Fear is changing tactics among aid staffers, who set out to convince communities that Ebola is real and they were there to help end it. Now some downplay their mission in public, swapping white coats for street clothes and attention-grabbing SUVs for motorbikes that blend into traffic.
“Our staff has to lie about being doctors in order to treat people,” said Tariq Riebel, emergency response director in Congo for the International Rescue Committee (IRC), a global aid group.
And the violence hampers the response effort in a more direct way: Ebola infections tend to spike after attacks, experts say, because emergency responders are forced to take cover and halt the distribution of immunity-boosting vaccinations.
The death toll in the central African country reached 1,136 this week, government officials said. The infection count, meanwhile, has climbed to 1,632 — with 88 more suspected, Congo’s Ministry of Health said. Concerns are growing that the crisis in Congo’s North Kivu province could become as lethal as West Africa’s battle against the hemorrhagic fever from 2013 to 2016, which killed 11,310 people across three countries.
“The tragedy is that we have the technical means to stop Ebola, but until all parties halt attacks on the response, it will be very difficult to end this outbreak,” WHO Director General Tedros Adhanom Ghebreyesus tweeted May 10.
But a string of assaults followed.
A WHO team was attacked in early May after burying an Ebola victim. Five days later, dozens of gunmen stormed the team’s neighborhood and exchanged bullets with security forces near their temporary homes.
Riebel, who oversees a team of about 100 IRC workers in Goma, said his staff had to suspend treatments last week after taking cover from gunfire in nearby streets.
The doctors don’t wear their uniforms in public because people throw rocks at them, he said, and they’ve stopped driving SUVs through town. Motorbikes draw less attention. “When our doctors try to find housing,” he said, “some say they are lawyers.”
After attackers killed WHO epidemiologist Richard Valery Mouzoko Kiboung in April, a city official told the Associated Press that armed fighters believed foreign health workers had started Congo’s epidemic.
“According to witnesses at the scene, these militiamen wanted all the expatriates to go home because, according to them, Ebola does not exist in Butembo,” said Patrick Kambale Tsiko, the deputy mayor of Butembo. “They said they will continue if these expatriates do not return as soon as possible.”
U.S. officials are assessing the American role in curbing the crisis after sending a delegation — including Tim Ziemer, acting assistant administrator at the U.S. Agency for International Development — to Congo this month to meet with Ebola experts on the ground, USAID acting spokesman Tom Babington said in an email.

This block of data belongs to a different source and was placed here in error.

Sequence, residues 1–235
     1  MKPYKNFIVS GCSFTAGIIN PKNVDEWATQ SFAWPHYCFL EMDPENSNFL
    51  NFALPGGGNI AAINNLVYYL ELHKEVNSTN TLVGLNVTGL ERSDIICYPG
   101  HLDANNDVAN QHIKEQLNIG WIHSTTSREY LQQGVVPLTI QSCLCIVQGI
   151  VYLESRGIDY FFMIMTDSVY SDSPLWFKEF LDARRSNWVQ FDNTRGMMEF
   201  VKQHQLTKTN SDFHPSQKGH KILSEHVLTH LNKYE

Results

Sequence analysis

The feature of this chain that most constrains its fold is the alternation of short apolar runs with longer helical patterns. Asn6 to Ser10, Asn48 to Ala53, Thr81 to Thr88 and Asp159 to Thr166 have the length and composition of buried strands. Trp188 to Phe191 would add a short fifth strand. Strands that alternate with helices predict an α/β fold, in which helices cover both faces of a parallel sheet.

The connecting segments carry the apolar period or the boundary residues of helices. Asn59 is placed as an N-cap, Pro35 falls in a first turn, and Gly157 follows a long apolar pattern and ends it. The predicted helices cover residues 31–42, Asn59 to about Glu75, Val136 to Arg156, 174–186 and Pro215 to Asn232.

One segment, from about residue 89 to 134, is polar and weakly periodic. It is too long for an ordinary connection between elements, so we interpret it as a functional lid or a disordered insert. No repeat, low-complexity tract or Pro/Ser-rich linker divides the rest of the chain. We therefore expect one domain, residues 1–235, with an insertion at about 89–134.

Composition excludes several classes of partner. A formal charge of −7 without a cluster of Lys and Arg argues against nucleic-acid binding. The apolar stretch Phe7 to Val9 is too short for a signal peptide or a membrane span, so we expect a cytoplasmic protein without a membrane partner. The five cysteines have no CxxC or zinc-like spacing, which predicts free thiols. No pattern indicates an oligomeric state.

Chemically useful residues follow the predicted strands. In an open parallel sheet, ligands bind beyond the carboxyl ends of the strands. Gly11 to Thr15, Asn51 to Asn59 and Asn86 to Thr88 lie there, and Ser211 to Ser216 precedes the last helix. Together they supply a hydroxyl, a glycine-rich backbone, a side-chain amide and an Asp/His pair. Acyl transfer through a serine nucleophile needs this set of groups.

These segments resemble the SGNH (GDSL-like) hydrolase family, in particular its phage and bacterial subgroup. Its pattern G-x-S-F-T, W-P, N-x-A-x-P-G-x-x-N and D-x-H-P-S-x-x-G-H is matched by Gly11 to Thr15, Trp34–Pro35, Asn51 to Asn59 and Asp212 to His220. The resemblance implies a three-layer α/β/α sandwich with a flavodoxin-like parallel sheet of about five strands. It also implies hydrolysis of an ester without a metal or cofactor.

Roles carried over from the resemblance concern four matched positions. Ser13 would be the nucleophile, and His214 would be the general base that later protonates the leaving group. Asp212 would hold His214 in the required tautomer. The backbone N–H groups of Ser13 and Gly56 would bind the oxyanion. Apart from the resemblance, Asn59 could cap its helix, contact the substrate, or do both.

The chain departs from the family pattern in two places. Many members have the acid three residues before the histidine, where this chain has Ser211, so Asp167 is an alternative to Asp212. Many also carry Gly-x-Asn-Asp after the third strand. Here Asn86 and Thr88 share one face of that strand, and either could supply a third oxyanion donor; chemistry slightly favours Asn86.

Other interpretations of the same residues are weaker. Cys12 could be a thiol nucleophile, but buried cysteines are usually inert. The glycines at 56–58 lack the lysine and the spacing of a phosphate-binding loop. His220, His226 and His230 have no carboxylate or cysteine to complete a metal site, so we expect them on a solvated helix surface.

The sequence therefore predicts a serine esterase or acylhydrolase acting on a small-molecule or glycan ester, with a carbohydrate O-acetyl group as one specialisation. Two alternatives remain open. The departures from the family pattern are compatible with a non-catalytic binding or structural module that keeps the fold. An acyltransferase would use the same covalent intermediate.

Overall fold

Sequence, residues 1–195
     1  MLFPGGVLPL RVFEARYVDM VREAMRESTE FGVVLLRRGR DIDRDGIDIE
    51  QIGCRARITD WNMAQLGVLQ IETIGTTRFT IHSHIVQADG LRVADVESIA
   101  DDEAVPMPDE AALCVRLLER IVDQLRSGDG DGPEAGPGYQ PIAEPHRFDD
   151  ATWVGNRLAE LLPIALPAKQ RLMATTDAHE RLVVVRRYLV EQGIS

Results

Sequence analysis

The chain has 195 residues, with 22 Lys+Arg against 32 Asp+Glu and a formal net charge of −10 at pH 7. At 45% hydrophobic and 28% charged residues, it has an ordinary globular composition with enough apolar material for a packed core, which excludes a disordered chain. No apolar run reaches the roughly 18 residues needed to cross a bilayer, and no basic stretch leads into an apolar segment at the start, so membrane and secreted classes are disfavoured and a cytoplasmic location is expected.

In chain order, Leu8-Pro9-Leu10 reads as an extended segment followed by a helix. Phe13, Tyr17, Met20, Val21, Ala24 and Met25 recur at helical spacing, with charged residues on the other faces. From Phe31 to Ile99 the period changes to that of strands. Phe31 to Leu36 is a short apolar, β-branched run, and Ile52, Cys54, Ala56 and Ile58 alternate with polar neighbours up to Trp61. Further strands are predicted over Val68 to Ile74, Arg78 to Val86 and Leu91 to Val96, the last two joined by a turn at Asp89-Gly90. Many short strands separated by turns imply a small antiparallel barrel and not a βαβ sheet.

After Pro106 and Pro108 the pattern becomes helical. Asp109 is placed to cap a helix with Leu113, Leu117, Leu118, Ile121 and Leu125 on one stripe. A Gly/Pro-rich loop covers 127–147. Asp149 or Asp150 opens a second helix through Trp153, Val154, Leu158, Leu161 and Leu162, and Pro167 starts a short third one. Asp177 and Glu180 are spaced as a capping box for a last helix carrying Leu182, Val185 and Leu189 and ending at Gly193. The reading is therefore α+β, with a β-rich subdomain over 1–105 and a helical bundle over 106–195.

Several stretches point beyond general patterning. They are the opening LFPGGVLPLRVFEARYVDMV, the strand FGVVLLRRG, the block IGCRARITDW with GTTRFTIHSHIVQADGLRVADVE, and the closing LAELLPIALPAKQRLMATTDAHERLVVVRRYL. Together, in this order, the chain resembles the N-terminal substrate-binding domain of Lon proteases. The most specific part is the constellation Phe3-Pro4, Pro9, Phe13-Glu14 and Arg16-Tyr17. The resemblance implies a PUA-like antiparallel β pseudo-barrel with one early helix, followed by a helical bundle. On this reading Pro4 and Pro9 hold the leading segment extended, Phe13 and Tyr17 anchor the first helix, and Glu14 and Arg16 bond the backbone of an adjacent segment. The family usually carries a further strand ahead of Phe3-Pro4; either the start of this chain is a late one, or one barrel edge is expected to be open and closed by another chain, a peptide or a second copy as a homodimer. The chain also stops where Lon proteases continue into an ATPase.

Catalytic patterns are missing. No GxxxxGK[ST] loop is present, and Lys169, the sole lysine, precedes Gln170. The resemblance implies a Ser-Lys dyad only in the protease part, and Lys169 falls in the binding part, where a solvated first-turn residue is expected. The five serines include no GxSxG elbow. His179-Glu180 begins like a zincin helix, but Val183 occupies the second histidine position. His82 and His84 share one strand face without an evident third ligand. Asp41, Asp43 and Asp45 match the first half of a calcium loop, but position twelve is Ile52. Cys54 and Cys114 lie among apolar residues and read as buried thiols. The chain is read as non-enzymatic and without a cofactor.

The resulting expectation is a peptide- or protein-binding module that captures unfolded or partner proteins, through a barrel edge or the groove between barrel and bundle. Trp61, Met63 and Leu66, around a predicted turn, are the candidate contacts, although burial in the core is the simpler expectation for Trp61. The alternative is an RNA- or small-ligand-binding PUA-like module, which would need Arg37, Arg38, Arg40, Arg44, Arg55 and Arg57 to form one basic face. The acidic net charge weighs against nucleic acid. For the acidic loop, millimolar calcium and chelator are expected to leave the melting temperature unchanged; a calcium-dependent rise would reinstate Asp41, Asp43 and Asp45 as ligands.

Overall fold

The U.S. Centers for Disease Control and Prevention pulled Ebola experts from North Kivu last year after an armed group attacked a Congolese military site along a road near where the team was traveling.
The CDC has 17 people in the cities of Kinshasa and Goma but hopes to expand its response team in Congo to 40, CDC Director Robert Redfield said in an interview Wednesday. Timing will depend on whether the State Department approves security precautions for those experts.
“The outbreak response is not succeeding despite all the efforts,” he said.
Redfield said the additional personnel for Goma are in anticipation of new cases moving to the city, which is home to more than 1 million people and has direct flights to key transit hubs including the Ethiopian capital of Addis Ababa and Entebbe, Uganda.
Redfield said a long-term plan needs to be put in place, which he added could take as long as two years. “We make a mistake underestimating the complexity of this outbreak,” he said.
Experts are urging the global community to pour more resources into Congo’s struggle. “We’re at a breaking point,” said J. Stephen Morrison, a senior vice president at the Center for Strategic and International Studies in Washington who has tracked the outbreak. “Violent attacks are winning, and infections are unchecked.”
Suspicion and bloodshed have gripped Congo since conflict crossed the border from the 1994 Rwandan genocide. Hunger, a lack of medicine and foreign companies mining the area’s natural resources — while paying militias for protection — have exacerbated tensions.
More than 140 armed groups operated last year in North and South Kivu provinces, according to a 2019 Human Rights Watch report.
The WHO has twice decided against declaring the outbreak an international public-health emergency, as it did for the Ebola epidemic that ravaged Liberia, Sierra Leone and Guinea.
“We need to call the situation what it is,” said Jennifer Nuzzo, a senior scholar at the Johns Hopkins Center for Health Security. “Countries will be forced to act if the outbreak spills across [Congo’s] borders, but by then, the cost of response will be much greater and the prospects for containment will be much more difficult.”
Sun reported from Atlanta.